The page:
One of the Hardest Lessons for a Leader to Learn

One of the Hardest Lessons for a Leader to Learn
By Erin Albert

When you see the word “leader,” what image(s) pop into your head?

I get a picture of a (wo)man in a cape, flying through a flowery field, with rainbows, glitter, and unicorns all over the place, and throngs of fans applauding. A bit overdramatic, but leaders have positive halos. They win. They persevere, with grit. They save the day! And ultimately, they succeed. Everybody loves this leader, because this leader is a hero(ine)!

However, there’s another type of leader with a less conspicuous archetype, but equally important to the cape-wearing-throng-bearing kind. There are the leaders who do the thankless, tireless work, without accolades, without the screaming fans; the capes and rainbows are invisible. These leaders silently go about their work, in the quiet corners of leadership. Sometimes, the leader makes unpopular decisions or does inglorious work, even though it may be for the greater good.

Sometimes, the leader even quits.

But wait! Leaders don't quit! Quitting is something for losers and the lazy...not for leaders, right?

Wrong. In fact, one of the hardest decisions a true leader may ever face is knowing when to quit. Sometimes, the best decision a leader can make is knowing when to quit and move on.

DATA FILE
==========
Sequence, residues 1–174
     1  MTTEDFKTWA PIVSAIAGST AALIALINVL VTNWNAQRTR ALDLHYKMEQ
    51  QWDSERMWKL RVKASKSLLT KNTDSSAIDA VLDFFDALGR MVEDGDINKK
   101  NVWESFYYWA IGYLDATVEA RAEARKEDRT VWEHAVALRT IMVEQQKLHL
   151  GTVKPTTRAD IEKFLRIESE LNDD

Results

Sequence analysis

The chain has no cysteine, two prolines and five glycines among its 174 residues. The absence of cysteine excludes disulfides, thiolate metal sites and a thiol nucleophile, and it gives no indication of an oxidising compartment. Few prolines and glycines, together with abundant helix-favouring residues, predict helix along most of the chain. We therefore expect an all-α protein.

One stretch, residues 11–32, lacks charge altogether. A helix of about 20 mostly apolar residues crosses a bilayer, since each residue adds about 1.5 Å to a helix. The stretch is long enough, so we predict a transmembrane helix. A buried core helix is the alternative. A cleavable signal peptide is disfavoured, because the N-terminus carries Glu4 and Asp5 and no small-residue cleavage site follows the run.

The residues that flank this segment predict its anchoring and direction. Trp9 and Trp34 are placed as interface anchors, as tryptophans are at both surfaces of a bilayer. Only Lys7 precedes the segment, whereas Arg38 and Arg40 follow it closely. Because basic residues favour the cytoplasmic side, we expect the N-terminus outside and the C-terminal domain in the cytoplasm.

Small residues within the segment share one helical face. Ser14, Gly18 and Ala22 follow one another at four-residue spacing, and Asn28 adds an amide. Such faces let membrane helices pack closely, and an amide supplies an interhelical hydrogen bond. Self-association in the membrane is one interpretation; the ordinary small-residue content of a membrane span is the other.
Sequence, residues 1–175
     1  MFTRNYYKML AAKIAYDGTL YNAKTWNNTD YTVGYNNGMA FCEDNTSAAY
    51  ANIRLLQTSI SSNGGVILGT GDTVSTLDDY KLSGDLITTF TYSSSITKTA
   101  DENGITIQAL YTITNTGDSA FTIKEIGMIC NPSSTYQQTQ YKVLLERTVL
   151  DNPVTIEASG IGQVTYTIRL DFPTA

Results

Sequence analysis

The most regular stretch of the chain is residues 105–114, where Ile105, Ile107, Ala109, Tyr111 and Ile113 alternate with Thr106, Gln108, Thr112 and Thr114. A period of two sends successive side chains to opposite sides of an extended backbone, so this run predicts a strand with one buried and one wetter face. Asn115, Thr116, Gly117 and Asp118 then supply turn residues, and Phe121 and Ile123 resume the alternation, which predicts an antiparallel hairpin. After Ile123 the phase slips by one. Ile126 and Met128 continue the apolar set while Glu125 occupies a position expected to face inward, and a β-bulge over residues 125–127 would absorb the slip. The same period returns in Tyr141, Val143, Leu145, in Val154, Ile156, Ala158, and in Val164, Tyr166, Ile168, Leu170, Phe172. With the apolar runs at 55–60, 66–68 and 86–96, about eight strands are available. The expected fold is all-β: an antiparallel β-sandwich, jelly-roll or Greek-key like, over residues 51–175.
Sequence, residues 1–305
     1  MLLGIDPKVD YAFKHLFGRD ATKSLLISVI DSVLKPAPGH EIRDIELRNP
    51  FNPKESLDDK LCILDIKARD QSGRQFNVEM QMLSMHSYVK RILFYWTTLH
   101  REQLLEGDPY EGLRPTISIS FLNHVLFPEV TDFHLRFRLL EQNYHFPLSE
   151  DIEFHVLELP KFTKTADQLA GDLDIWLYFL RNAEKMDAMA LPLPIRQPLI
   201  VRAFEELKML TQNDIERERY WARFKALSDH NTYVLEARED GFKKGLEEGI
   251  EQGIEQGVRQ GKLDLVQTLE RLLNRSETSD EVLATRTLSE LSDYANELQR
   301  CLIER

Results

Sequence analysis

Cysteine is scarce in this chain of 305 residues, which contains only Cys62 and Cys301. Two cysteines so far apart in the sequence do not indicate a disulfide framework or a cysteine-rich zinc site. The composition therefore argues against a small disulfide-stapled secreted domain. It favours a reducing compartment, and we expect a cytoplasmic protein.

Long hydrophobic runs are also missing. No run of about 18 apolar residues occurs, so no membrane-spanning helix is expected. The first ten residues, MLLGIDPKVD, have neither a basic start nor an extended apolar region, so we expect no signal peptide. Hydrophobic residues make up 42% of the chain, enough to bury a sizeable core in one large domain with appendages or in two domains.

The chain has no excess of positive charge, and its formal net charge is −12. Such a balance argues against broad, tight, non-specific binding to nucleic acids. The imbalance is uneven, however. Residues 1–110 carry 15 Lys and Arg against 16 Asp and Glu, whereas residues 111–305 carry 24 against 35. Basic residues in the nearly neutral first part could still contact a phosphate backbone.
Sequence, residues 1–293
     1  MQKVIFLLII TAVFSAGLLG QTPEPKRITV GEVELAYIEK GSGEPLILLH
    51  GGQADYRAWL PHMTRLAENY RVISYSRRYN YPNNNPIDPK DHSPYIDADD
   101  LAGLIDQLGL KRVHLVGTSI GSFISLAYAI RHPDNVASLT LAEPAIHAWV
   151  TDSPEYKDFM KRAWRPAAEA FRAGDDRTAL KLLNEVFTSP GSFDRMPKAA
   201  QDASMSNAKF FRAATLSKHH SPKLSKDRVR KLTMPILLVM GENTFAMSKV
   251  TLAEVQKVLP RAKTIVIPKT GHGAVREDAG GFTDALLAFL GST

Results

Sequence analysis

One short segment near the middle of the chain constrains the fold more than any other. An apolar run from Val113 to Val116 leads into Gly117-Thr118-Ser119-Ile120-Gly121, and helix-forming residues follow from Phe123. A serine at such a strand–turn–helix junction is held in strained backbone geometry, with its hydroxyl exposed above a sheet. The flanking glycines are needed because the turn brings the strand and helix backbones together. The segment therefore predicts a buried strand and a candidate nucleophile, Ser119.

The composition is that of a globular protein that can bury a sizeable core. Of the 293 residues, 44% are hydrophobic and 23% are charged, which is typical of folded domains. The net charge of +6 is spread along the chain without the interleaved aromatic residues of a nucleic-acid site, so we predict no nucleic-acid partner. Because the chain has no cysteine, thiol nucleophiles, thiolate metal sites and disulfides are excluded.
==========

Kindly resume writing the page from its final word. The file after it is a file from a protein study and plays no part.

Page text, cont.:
I recently became a quitter. I bravely quit full time work just short of a decade of tenure in the job, after careful consideration of many factors. It was not an easy decision to make. But, I wanted to share with you all the reasons why leaders quit (work) in this list over at my blog, as a mental checklist for the leader in you to discern whether or not it is truly time to for you to bravely quit it…whatever ‘it’ is—a job, a career, a habit, a relationship, or anything else that no longer fits well in your life.

The easy thing to do is keep on doing the same thing. However, all types of leaders realize that they must change. And in order to make change, true leaders also realize that they can’t do everything. So, if that means shutting a door or two in order to make room for the new, different and stuff of growth-bearing potential—so be it.

Cheers to the quitters!
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Erin Albert, MBA, PharmD, JD, HCLA Class of 2013, is a health outcomes pharmacist with Myers and Stauffer, lawyer, author, entrepreneur and occasional quitter. More on Erin at her website and blog, www.erinalbert.com.

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